By Matthew Pinsker
The recent fracas over whether or not the US was founded on “racist principles” has generated plenty of comment, which this course blog has summarized here and here. The heart of the matter (for academic historians) has become a debate over the meaning of Sean Wilentz’s op-ed about the antislavery nature of the US Constitution which appeared in the New York Times on September 16th. Several leading historians criticized him for glossing over the pro-slavery dimensions of the 1787 convention. I emailed Wilentz and he has generously agreed to share his initial response to these criticisms with my students. He wrote:
Of course the Constitution included protections for slavery. My Op-Ed says so. They were not as powerful as historians think they were, but they were there and made a difference. Of course there was a federal consensus built into the Constitution. My Op-Ed says so. It also says that the Constitution would have been impossible without it. Do these historians truly think that it could have been otherwise? Do they think Northern delegates would have, or should have, agreed to a Constitution which would have allowed the national government to interfere with the property relations established at law by their own states — and thereby, among other things, endangered Northern emancipation?
Those I have read actually concede my point on the Southern defeat over property in man, but they refuse to see the importance of that concession for any understanding of the Constitution — let alone for the politics of the 1840s and 1850s. Apparently, they cannot even question the underlying belief, which has gained enormous force inside the academy, that the Constitution was founded on slavery, that the Northerners lost (or caved in on) every important argument over slavery, &c. Apparently, they think of themselves of Garrisonians even as they take Calhoun’s position, which was in many ways essentially the same as Garrison’s.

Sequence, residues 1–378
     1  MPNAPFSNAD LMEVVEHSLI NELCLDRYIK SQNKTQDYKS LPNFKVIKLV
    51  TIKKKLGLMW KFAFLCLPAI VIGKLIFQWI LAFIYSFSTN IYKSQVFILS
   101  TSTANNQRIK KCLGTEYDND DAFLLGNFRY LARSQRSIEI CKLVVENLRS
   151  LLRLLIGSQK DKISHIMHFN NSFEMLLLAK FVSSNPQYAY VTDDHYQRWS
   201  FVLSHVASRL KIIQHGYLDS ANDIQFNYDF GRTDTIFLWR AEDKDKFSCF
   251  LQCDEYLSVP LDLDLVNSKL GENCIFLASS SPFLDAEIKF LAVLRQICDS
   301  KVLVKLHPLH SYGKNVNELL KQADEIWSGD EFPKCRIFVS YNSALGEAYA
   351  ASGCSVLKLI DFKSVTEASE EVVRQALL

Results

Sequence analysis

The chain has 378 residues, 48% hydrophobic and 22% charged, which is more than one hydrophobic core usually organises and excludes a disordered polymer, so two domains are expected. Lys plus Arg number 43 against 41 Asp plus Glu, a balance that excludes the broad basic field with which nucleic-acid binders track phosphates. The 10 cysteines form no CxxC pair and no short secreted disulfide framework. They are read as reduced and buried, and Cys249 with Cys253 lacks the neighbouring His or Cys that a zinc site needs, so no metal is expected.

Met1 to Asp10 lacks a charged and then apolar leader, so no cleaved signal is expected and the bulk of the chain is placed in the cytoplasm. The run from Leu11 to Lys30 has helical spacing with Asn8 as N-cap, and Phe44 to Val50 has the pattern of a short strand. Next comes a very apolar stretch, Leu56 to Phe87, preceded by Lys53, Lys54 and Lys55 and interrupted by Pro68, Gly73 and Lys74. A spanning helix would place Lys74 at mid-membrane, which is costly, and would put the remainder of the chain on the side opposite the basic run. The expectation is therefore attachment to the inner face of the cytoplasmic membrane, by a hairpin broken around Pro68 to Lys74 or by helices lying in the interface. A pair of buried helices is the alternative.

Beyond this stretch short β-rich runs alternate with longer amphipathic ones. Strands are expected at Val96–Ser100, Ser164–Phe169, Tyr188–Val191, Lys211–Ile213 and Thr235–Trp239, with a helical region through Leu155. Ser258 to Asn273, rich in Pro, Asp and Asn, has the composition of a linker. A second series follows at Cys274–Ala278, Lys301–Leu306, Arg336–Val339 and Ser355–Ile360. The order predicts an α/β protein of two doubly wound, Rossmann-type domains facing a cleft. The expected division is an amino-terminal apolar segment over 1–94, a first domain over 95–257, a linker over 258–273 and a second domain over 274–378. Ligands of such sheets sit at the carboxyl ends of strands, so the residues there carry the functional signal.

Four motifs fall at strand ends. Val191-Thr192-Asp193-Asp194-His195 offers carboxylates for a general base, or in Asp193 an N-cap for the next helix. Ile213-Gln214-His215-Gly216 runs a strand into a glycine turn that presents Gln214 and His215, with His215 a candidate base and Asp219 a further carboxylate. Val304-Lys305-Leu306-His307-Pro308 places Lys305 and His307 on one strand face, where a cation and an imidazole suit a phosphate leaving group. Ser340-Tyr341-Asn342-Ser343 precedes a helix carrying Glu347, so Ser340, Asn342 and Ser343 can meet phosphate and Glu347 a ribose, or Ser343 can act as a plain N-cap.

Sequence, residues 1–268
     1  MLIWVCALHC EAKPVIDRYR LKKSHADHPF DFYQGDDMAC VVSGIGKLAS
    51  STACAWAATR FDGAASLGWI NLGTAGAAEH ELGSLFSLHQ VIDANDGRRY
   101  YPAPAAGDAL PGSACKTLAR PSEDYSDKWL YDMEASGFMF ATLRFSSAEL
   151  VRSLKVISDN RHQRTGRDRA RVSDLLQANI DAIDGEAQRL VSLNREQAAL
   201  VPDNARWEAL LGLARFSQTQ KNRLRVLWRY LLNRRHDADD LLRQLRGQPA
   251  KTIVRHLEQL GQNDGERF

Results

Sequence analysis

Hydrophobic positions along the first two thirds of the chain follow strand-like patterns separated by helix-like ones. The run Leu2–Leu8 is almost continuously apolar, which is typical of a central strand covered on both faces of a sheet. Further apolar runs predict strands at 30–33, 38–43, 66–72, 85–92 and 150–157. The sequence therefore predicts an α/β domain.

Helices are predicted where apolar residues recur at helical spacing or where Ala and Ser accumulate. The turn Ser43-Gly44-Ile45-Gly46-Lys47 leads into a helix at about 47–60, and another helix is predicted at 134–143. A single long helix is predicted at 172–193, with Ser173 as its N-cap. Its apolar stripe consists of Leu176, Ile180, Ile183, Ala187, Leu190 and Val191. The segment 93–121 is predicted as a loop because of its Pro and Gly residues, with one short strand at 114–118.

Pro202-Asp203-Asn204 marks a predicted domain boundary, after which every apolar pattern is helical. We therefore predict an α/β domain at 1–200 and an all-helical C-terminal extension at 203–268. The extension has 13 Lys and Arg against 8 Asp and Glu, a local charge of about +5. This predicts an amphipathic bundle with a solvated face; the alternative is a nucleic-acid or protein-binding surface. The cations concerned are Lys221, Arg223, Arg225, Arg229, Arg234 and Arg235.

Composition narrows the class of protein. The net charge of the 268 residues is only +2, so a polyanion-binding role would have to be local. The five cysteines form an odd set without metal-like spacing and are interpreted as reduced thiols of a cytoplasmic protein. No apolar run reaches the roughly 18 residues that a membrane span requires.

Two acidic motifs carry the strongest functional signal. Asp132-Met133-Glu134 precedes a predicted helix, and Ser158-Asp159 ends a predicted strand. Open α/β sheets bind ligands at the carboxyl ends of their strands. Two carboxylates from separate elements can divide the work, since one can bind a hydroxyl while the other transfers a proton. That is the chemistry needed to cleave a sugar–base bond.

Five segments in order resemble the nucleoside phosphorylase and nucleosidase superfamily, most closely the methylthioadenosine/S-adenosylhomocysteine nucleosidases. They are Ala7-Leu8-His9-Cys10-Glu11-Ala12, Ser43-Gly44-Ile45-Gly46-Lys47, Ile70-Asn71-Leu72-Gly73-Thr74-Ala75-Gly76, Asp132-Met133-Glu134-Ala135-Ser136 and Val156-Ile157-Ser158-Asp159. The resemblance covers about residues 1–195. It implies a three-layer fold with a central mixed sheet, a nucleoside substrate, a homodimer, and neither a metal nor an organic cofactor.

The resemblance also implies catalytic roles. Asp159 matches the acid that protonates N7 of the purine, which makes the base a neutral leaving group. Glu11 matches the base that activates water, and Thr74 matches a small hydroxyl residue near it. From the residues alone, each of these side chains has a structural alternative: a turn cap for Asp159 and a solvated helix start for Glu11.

More important, perhaps, at least as an extended defense of his own views on this topic, Wilentz delivered the Constitution Day Address at Princeton this year –in fact, on the same day that his op-ed appeared in print. More than anything, this lecture offers a detailed window into what he sees as the antislavery triumph in Philadelphia –a strategic victory that he believes modern-day scholars have underestimated.
In the spring of 2015, Wilentz also delivered the Nathan I. Huggins Lecture at Harvard which addressed this topic and other related issues. For those who want an even deeper examination of his views, check out the video links to his series entitled: “No Property in Man: The Origin of Antislavery Politics.”